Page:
Agencies are required to comply with the Information Privacy Principles (IPPs) set out in the Information Privacy Act 2009 (Qld) (IP Act).
IPP 10 provides that personal information may only be used for the purpose for which it was obtained and not for any other purpose, unless one of the exceptions applies.
IPP 11 provides that personal information must not be disclosed outside the holding agency unless one of the exceptions applies.
One of the exceptions to both IPP 10 and IPP 11 is that the individual has agreed to the use or the disclosure.
Use and disclosure with agreement
(1) An agency having control of a document containing personal information that was obtained for a particular purpose must not use the information for another purpose unless—
(a) the individual the subject of the personal information has expressly or impliedly agreed to the use of the information for other purpose
(1) An agency having control of a document containing an individual's personal information must not disclose the personal information to an entity (the relevant entity), other than the individual the subject of the personal information unless—
(b) the individual has expressly or impliedly agreed to the disclosure
‘Agreement’ is discussed in Key privacy concepts – agreement and consent in more detail. It is important that it be read in conjunction with this guideline.
Agreement is one of the exceptions to the basic rule that the primary purpose of collection limits the use and disclosure of personal information. Where an individual has given valid agreement to an agency using the personal information for other purposes or disclosing it, even if these are incompatible with or unrelated to the initial purpose of collection, the agency is free to do so.
Agreement compared with notice
It is important that agencies remember that agreement is different from notice given under IPP 2. When an individual has been given a collection notice that sets out the uses and disclosures an agency intends, and that individual then provides the information that is not agreement to what the agency has set out in the notice. An agency is not asking for agreement when it provides a collection notice; it is setting out what it will do with the information.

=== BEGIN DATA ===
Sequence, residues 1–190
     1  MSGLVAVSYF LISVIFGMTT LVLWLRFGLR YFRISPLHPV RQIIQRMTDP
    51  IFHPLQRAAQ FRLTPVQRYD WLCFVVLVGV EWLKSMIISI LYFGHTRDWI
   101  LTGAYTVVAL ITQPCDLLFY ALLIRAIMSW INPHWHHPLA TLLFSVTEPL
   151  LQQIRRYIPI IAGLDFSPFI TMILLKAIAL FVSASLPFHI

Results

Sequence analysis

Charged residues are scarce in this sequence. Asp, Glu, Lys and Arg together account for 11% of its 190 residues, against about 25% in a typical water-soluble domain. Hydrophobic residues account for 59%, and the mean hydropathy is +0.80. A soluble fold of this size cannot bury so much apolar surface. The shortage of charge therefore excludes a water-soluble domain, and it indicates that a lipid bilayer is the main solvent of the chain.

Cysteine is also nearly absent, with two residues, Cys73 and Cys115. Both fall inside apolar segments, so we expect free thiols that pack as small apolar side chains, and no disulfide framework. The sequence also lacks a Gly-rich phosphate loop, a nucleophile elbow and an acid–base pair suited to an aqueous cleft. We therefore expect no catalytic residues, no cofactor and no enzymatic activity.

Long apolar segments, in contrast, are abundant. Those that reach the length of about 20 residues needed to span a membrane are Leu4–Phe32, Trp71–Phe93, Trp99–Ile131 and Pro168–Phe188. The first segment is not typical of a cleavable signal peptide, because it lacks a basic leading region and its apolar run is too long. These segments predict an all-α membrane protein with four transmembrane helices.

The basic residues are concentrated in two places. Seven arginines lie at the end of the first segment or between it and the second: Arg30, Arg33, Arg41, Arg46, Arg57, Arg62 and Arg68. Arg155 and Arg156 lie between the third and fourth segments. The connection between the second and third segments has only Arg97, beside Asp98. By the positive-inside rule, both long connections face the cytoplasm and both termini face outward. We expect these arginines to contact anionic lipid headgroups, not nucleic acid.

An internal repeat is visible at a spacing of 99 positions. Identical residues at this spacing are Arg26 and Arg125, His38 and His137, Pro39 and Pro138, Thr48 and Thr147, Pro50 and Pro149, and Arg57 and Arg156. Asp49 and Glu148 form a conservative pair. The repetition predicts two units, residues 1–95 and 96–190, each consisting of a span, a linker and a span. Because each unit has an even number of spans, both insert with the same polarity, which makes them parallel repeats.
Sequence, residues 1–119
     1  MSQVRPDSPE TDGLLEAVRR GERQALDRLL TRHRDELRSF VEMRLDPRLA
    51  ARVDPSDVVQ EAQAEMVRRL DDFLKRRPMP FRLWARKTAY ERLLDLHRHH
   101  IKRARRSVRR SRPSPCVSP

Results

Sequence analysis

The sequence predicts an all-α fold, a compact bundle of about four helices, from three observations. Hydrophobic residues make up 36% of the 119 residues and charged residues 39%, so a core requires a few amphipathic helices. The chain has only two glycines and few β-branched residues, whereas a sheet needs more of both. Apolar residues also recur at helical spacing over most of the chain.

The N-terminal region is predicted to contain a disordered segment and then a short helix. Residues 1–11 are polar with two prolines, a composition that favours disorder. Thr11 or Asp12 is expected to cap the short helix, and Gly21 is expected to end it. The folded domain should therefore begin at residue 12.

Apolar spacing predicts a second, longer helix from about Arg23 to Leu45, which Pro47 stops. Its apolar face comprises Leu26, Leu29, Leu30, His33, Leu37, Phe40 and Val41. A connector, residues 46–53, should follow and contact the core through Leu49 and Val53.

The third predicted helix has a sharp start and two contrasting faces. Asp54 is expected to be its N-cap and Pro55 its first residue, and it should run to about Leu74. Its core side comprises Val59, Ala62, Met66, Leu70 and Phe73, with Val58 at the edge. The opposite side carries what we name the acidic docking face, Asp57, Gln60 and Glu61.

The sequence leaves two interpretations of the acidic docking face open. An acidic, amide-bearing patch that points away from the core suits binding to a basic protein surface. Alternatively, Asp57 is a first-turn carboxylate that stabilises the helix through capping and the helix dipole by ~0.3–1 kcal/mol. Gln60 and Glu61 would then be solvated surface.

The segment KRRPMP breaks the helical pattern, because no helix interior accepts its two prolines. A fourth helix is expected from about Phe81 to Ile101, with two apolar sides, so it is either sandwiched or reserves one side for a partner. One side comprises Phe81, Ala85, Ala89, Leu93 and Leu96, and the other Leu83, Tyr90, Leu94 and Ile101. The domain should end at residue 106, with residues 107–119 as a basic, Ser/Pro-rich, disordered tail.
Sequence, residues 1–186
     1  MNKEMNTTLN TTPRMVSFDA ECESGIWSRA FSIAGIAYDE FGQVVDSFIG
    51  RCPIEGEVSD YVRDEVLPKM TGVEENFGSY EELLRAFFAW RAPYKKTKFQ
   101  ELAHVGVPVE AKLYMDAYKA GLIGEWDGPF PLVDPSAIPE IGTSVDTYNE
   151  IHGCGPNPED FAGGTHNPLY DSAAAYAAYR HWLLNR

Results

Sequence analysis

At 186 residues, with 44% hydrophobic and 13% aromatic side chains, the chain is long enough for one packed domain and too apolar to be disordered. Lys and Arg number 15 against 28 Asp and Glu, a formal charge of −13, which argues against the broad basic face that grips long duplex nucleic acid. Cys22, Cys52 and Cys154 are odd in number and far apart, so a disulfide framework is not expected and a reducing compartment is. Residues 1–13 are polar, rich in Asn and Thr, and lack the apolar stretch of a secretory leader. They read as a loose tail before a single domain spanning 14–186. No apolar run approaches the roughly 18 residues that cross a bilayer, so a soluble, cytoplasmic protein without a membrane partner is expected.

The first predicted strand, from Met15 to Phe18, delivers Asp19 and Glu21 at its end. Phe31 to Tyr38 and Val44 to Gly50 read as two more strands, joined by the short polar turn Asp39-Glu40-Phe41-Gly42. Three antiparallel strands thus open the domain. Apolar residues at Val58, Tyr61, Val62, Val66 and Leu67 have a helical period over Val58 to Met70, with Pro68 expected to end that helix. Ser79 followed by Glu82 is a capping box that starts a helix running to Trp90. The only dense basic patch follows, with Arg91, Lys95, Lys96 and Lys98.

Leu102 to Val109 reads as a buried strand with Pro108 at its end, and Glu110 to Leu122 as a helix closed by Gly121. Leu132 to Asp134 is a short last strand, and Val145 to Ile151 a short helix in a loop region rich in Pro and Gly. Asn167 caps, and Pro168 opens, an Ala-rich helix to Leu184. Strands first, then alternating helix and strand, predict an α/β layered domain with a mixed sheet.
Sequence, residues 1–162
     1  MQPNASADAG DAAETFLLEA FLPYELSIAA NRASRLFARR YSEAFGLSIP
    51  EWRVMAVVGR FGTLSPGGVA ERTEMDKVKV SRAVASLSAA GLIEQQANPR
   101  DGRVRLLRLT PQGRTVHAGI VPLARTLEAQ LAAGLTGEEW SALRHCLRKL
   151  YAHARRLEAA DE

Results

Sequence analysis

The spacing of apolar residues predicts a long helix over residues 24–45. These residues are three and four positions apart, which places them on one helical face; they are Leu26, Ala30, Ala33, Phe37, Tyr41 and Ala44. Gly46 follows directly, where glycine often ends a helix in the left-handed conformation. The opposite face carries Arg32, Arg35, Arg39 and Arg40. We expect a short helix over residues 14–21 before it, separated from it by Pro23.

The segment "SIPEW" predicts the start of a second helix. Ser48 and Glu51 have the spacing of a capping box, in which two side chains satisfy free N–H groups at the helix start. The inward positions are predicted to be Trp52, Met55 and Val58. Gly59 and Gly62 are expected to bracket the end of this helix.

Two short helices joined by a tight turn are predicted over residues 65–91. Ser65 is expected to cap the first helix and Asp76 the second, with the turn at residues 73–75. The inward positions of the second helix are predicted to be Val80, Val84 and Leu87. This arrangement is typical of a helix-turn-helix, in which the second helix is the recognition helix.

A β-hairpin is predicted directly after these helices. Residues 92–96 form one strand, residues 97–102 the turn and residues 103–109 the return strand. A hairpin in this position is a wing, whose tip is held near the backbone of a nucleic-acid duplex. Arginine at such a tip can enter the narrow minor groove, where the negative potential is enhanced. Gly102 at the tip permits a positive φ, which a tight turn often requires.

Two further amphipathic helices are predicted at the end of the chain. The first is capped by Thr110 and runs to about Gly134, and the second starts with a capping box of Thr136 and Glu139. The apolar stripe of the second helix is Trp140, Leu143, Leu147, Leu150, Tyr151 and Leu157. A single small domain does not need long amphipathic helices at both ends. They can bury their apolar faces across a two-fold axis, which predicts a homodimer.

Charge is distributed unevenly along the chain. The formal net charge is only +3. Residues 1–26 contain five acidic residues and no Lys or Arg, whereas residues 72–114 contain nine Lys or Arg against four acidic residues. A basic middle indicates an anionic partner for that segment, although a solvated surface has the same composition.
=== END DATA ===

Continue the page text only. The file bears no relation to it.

While an agency may seek agreement at the same time it provides a collection notice, the two processes should not be confused.
Opting in versus opting out
Agreement can be sought in two ways. An agency can:
- ask an individual if they agree to their information being disclosed, or
- tell an individual that they are going to disclose their information unless the individual tells them not to.
As a general rule, the first method – opting in – is preferable to the second – opting out. Opt out options can raise questions of whether the agreement was validly given. Where an individual is provided with an option to opt out, such as a box to tick, there may be a question of whether they chose not to tick it because they agreed, or because they did not see it or did not understand it, or because they never received the document containing it.
If an agency chooses to use an opt out method of obtaining agreement, they should take a great deal of care to ensure that they don’t breach IPP 11 when they rely on it. The more sensitive the information and the more widespread the disclosure, the less appropriate it will be to rely on an opt out method
Current as at: July 19, 2013